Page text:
Just paste the output into the parenthesis. Next, select and execute the query. Check the Watch Live Data window and you should see some new activity.
The Anti-Pattern identified is the LargeNumberOfOrInPredicate. The IN predicate in fact is translated as a series of OR logical conditions which cannot be optimized, resulting in this anti-pattern. Part of why this is noted as an anti-pattern is that the TypeConvertPreventingSeekevent occurs as well because we are again comparing NVARCHAR to INT types. 
If you change the IN expression to use a character type (either Unicode or ASCII), you will not get the warning because just like with the previous example, if it has no direct negative on the optimization of the query, it will not raise the event. You can generate the IN expression as Unicode values using the following query:

Identifying Additional Anti-Patterns

When looking at the output from the Extended Event, the anti-pattern is identified on the antipattern_type field. We can get the possible values of the antipattern_type field from the extended events system tables and in this way identify what are the possible anti-patterns this event can track.
Execute the query below:

This returns:
Let’s analyze the result of the query for what the other types of anti-patters might be::
  • TypeConvertPreventingSeek and LargeNumberOfOrInPredicate: These are the two anti-patterns we tested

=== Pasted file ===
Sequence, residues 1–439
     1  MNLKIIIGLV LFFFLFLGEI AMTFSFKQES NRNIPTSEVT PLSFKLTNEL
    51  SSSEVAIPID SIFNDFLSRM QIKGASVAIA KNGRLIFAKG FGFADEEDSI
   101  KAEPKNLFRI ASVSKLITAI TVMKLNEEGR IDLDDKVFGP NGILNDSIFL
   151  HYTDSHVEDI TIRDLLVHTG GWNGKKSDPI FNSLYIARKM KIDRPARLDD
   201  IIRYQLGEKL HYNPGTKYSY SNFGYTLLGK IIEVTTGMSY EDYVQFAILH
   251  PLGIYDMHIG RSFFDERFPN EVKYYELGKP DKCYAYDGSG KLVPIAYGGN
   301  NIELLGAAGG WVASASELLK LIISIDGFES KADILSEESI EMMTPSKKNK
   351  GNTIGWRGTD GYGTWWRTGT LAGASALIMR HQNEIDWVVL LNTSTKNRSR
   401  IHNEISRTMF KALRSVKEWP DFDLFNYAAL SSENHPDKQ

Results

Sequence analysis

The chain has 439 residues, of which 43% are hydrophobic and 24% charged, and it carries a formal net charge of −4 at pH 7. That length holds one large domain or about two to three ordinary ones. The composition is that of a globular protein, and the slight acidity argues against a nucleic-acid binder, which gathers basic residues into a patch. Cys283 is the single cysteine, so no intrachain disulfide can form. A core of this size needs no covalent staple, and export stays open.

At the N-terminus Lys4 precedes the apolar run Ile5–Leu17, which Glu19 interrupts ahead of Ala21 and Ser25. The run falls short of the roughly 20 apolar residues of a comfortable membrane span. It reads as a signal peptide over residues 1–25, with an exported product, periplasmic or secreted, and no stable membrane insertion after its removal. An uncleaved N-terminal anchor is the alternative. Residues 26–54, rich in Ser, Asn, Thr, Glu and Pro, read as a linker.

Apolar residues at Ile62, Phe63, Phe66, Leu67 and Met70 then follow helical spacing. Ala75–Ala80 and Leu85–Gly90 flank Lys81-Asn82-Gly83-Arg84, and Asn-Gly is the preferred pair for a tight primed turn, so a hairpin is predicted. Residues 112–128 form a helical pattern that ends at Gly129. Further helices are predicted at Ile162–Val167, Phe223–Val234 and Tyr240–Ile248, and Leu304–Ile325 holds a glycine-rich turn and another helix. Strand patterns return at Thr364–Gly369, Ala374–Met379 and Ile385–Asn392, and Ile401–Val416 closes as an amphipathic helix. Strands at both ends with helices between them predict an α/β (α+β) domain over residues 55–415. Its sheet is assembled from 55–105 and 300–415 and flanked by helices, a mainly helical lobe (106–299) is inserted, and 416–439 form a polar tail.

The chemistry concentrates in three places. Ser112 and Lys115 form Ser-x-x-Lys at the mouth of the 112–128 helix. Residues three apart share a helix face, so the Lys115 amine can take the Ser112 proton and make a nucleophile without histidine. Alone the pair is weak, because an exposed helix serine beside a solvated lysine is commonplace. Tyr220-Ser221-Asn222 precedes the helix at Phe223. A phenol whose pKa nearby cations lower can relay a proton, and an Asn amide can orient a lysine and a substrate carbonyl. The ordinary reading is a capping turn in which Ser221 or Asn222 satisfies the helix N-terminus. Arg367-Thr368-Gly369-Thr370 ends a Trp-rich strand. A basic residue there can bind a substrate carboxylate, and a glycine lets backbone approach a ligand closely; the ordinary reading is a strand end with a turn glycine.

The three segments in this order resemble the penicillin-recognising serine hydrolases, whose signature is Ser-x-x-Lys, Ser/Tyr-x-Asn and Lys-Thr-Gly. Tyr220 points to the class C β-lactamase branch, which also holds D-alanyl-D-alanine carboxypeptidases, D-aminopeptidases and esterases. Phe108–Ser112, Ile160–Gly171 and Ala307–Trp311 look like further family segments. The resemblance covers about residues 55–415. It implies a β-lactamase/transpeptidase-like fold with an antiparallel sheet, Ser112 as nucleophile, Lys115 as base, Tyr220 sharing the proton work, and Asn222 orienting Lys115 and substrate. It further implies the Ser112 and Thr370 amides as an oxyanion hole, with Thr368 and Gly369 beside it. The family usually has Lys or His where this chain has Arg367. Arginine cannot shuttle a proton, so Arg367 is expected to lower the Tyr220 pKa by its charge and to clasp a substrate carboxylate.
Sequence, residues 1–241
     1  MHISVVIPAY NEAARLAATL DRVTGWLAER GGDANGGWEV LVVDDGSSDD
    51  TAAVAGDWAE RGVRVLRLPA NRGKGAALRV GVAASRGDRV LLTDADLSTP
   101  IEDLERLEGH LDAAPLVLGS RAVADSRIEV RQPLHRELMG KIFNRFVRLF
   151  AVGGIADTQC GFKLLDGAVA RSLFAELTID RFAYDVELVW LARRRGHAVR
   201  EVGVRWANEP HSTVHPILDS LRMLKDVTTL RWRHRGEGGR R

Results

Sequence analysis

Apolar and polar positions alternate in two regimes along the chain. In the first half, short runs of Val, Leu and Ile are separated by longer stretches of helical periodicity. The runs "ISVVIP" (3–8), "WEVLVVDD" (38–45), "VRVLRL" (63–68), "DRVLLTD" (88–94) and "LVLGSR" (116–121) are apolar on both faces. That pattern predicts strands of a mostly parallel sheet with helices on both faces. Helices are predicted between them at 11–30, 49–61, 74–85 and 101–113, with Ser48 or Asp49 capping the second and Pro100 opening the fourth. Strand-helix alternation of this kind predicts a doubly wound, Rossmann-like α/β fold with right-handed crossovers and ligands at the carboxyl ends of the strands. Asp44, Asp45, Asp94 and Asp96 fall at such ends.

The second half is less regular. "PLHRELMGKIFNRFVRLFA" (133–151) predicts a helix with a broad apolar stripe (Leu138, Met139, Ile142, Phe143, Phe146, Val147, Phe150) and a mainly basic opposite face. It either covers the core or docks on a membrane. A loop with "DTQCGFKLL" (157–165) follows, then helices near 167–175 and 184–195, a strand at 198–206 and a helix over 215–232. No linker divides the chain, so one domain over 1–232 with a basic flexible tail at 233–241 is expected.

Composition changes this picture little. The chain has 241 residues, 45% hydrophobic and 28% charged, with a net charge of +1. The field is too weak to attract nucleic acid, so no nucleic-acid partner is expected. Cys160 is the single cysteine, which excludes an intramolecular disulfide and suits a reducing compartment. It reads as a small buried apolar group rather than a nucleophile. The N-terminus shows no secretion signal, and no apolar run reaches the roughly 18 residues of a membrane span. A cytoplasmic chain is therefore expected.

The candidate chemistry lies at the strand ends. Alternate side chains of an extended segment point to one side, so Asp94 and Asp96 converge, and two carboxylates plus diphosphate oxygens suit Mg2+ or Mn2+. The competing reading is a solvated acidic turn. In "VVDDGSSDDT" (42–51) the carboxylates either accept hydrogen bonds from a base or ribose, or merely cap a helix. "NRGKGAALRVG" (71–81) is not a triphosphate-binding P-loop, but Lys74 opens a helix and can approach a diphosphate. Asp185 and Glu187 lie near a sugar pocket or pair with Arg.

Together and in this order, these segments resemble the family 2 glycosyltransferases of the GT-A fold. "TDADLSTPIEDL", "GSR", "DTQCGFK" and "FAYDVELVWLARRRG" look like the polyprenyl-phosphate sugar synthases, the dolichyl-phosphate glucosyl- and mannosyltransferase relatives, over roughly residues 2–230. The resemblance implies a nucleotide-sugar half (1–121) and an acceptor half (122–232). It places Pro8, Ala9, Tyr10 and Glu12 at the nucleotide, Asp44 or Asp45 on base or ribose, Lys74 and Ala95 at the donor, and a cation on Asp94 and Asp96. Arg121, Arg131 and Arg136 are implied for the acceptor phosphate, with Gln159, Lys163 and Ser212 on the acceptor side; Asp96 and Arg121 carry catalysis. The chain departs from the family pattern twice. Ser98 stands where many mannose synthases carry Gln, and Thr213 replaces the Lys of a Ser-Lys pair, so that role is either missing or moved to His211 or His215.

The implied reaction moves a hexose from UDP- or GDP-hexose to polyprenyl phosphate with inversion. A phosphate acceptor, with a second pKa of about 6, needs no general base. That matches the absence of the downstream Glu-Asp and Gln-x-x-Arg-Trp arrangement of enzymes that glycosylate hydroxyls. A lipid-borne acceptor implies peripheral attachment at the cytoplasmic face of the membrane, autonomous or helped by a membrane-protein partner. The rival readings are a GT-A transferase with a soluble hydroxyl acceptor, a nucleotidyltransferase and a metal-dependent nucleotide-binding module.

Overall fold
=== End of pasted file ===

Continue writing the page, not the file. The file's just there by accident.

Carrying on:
• LargeIn: The name explains a lot, but when executing a query with a lot of values in anIN expression, the anti-pattern identified is the LargeNumberOfOrInPredicate. It’s not clear what makes the LargeIn to be identified.
  • Max and NonOptimalOrLogic : There is not enough documentation about these two.

Azure SQL Databases

This extended event is also available in Azure SQL Databases. You can read more about how to capture this event on this link https://www.red-gate.com/simple-talk/blogs/azure-sql-extended-events-and-the-use-of-slash/


This extended event has a considerable potential and we should enable it in SQL Servers 2022. However, the anti-patterns identified are still limited and lacking documentation, we should follow the evolution of this event on future SQL Server cumulative updates.
One additional thing to note. this can be a very noisy event, especially if you have these events occuring frequently in your application for one, but simple queries of the system views may also cause events to fire. For example, Aaron Bertrand notes in his T-SQL Tuesday Blog from Septemever 2022 that SELECT * FROM sys.database_principals; will cause an implicit conversion (Query_Antipattern_Type: TypeConvertPreventingSeek) event to occur. Aaron provides some advice on how to set up your events that can help mitigate the noisiness.

About the author

Dennes Torres

See Profile

Dennes Torres is a Data Platform MVP and Software Architect living in Malta who loves SQL Server and software development and has more than 20 years of experience. Dennes can improve Data Platform Architectures and transform data in knowledge. He moved to Malta after more than 10 years leading devSQL PASS Chapter in Rio de Janeiro and now is a member of the leadership team of MMDPUG PASS Chapter in Malta organizing meetings, events, and webcasts about SQL Server. He is an MCT, MCSE in Data Platforms and BI, with more titles in software development. You can get in touch on his blog https://dennestorres.com or at his work https://dtowersoftware.com

Dennes's contributions